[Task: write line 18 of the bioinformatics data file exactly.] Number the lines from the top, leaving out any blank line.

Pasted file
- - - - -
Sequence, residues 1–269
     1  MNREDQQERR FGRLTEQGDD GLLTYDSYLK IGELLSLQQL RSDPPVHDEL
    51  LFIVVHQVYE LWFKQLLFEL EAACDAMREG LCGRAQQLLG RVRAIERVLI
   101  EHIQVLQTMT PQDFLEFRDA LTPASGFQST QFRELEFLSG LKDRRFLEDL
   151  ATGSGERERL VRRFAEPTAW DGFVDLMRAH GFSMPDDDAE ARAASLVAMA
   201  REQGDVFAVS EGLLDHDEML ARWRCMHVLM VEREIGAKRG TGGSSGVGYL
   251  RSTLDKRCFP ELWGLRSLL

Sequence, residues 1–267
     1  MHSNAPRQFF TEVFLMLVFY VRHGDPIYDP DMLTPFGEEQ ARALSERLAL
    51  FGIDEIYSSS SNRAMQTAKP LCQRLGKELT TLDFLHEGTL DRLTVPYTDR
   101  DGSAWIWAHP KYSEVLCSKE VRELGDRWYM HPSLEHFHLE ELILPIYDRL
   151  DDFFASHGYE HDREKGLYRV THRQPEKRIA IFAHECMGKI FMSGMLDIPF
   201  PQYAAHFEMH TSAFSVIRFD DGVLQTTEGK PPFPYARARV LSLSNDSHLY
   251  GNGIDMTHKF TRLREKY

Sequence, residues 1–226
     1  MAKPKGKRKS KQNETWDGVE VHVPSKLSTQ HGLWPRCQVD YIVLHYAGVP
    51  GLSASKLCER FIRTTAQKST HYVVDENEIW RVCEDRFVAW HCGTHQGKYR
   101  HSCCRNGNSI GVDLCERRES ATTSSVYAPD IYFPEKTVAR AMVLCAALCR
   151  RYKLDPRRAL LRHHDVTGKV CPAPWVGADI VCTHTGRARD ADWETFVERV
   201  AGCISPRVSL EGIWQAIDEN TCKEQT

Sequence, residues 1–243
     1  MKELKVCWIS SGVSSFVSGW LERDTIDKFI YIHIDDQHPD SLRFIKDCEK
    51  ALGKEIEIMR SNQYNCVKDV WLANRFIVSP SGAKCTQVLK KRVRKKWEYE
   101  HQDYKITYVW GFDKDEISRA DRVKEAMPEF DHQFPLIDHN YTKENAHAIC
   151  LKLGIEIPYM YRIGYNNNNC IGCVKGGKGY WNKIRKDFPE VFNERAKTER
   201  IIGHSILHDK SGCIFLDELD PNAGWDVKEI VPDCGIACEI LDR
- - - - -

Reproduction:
   101  HSCCRNGNSI GVDLCERRES ATTSSVYAPD IYFPEKTVAR AMVLCAALCR